Best Backpack For Europe: My Top Pick (& 4 Runner-Ups)

I’ve spent the majority of the last two and a half years backpacking, living, and traveling around Europe.

I’ve visited about 80% of the countries that make up this big and diverse continent and travel around Europe since I’m based in Bulgaria and it’s quite easy to hop around for cheap from Sofia (I love you, Wizz Air).

I have a lot of opinions on what makes the best backpack for backpacking Europe: lightweight and optimized for travel rather than hiking. Unless, of course, you plan to use your backpack for multi-day treks — then by all means, you want a proper hiking backpack (and I’ve included one in this list).

My #1 Pick: Tortuga Setout Backpack

Best backpack for: long-term Europe travelers who want a hyper-organized backpack that can still fit most carry-on restrictions

I’ve had a Tortuga backpack since winter 2015, and its inaugural trip was to the far northern reaches of Swedish Lapland, chasing the Northern lights. It was my first time traveling with a proper backpack and my mind was blown.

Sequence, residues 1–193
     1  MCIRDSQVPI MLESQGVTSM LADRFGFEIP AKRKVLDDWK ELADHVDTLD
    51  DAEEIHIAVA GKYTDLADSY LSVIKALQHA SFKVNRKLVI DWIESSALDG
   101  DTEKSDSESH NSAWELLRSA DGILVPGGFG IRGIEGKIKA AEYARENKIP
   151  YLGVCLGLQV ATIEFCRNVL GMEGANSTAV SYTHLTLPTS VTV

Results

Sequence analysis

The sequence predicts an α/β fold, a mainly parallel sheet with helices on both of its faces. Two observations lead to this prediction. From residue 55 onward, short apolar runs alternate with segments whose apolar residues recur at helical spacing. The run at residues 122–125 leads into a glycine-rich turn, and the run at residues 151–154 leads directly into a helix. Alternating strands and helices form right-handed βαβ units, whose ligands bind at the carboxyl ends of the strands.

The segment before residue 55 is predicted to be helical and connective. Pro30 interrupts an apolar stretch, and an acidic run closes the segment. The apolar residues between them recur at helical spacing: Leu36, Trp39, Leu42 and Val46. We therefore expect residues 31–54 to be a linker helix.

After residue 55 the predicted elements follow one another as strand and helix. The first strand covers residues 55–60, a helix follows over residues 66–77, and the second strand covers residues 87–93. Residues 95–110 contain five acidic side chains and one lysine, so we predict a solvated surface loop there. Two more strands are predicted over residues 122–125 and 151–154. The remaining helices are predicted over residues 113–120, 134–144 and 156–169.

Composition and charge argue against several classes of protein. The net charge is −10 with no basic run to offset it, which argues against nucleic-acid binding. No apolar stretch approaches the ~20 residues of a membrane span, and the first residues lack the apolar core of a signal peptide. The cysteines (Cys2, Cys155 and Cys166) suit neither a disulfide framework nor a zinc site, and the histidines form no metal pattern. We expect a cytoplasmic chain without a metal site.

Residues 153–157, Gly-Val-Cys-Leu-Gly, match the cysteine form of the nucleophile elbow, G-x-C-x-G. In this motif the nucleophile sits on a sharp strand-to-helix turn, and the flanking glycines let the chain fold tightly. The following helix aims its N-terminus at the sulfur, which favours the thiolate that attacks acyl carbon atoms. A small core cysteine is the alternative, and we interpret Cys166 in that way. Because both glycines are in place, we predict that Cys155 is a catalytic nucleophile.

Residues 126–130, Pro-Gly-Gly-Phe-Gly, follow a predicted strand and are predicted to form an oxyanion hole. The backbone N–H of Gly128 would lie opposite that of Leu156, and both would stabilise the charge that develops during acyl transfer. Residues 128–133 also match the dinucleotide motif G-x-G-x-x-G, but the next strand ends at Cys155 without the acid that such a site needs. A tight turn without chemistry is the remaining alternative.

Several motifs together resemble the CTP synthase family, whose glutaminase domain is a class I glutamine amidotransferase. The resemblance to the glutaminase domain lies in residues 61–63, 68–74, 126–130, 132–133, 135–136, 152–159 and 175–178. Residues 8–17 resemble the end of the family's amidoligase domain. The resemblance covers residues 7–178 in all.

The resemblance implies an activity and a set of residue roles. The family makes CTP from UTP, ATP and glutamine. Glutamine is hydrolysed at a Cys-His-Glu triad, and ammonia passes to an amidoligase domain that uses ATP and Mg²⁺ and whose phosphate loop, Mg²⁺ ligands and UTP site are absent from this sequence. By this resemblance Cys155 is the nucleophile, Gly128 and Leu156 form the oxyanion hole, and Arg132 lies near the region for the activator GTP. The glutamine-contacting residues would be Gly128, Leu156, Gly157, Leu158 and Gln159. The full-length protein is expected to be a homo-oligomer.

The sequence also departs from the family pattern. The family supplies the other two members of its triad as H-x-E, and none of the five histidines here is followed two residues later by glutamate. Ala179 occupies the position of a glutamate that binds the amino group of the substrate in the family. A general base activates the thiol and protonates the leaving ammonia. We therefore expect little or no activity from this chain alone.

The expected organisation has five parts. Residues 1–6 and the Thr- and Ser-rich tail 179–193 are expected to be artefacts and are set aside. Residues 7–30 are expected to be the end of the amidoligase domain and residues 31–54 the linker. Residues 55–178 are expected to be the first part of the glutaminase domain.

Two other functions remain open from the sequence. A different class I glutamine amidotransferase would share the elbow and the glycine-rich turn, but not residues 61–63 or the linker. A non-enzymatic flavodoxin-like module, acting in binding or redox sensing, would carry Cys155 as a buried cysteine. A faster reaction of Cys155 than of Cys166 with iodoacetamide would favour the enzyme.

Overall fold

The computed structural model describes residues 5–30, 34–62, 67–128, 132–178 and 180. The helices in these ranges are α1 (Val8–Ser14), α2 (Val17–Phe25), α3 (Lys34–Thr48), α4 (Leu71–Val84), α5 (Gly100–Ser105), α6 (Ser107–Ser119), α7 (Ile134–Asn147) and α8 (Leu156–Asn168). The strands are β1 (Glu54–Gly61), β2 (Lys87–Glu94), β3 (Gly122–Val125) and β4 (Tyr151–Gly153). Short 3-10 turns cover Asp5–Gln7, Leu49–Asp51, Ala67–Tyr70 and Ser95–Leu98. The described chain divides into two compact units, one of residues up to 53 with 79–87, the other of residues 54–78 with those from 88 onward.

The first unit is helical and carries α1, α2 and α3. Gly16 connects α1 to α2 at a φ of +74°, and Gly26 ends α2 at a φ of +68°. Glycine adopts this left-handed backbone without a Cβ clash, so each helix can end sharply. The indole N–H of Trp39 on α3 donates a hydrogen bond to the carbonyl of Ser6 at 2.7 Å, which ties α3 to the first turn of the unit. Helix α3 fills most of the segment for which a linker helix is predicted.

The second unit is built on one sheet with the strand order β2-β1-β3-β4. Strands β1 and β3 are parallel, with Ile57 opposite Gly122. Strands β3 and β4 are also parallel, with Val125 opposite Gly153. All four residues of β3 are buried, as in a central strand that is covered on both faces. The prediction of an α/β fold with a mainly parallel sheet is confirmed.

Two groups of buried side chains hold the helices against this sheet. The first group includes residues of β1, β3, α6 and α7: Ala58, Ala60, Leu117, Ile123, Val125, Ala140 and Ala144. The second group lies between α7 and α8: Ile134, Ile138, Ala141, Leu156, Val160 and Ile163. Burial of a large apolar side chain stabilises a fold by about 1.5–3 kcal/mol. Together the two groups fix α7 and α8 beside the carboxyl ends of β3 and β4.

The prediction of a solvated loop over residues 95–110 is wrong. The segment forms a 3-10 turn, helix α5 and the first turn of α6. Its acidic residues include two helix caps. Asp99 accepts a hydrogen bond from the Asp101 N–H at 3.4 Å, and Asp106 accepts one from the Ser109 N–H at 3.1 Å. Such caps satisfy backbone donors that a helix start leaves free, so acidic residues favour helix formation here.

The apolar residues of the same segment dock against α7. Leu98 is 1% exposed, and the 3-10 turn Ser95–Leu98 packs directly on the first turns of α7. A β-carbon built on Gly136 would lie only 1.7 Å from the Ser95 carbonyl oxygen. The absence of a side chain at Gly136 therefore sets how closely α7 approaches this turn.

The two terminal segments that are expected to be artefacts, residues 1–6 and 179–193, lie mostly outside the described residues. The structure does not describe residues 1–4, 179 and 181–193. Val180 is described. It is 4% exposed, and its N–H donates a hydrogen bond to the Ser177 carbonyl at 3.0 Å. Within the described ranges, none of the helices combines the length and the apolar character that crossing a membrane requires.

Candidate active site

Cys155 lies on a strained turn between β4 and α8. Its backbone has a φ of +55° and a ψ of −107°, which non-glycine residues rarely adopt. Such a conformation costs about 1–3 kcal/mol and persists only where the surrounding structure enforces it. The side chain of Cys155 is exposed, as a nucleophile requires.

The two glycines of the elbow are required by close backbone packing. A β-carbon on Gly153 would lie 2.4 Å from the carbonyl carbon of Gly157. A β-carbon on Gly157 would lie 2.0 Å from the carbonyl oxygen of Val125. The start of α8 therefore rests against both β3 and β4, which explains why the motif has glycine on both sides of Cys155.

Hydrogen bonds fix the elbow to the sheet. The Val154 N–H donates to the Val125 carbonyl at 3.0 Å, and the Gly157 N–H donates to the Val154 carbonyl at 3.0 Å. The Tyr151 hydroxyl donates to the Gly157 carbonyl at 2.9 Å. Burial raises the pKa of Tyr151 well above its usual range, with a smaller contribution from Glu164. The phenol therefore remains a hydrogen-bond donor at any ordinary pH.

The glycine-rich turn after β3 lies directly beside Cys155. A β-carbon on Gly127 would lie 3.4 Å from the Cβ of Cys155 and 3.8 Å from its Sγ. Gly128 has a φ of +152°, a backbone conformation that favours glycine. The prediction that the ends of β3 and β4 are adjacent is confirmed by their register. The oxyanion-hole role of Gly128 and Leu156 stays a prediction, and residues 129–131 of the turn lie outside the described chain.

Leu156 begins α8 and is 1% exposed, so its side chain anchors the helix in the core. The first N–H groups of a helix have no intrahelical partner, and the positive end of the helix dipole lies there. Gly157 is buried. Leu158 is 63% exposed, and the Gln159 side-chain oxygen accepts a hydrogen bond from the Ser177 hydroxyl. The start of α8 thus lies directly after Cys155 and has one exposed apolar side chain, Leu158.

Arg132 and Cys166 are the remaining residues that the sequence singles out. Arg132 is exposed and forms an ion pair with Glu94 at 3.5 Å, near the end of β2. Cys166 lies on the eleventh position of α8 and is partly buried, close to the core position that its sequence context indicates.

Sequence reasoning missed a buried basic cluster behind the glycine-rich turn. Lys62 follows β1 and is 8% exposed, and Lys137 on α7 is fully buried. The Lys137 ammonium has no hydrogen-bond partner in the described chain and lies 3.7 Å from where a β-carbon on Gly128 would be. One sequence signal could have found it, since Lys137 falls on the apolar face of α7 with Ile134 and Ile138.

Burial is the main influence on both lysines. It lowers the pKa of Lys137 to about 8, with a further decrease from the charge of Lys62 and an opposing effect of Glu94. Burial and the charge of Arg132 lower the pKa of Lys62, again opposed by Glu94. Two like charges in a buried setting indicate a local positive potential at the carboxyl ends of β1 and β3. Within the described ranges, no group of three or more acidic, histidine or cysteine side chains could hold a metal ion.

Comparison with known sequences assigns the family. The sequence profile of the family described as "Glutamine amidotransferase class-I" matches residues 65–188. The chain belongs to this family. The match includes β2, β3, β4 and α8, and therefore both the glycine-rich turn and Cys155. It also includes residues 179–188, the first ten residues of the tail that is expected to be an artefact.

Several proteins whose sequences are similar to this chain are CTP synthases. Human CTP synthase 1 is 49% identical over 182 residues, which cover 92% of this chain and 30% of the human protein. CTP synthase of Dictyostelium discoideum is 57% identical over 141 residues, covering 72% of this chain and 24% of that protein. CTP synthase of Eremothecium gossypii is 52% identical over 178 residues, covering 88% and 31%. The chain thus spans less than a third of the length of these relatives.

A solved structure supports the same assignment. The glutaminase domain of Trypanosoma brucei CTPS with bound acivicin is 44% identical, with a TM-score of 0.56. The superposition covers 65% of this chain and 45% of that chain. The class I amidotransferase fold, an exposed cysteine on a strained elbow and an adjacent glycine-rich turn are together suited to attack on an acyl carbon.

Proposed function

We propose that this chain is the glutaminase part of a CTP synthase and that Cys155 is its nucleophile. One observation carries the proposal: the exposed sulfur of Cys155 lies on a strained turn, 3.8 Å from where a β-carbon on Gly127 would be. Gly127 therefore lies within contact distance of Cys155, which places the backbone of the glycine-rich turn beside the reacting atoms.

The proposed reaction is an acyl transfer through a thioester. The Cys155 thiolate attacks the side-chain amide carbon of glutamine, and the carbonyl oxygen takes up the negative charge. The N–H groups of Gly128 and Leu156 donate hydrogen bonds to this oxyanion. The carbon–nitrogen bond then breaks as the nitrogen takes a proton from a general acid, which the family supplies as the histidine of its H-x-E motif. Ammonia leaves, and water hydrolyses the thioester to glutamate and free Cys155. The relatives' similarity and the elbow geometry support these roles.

Whereas my friend I was traveling with had a heavy, enormous nearly 50-lb. suitcase for a 1-week trip, I felt basically invincible (even when I got stuck in a massive snowbank and had to throw myself chest-first down a pile of snow like a penguin in order to not miss the only train of the day)….

Fast forward to 2018 and it’s held up remarkably well – it lost a few stitches here and there but it’s still in good shape and I’ve now gifted it to my boyfriend, who is ridiculously happy with it. Since I’ve been recommending Tortuga to travelers for the last few years, Tortuga offered to send me a complimentary version of their new backpack so I can see the improvements they’ve made. Let me tell you – as someone who loved the original Tortuga, this is a big upgrade!

Why do I love it so much? Let me count the ways!

  • 45L capacity with three equally useful main compartments: one for a laptop and other flat objects, one giant rectangular compartment perfect for packing cubes stuffed with clothing, and one smaller compartment with pockets for passports, pens, odds and ends, etc. that I stash all my extras in – plus one small outer zipper pocket for anything you want quick access to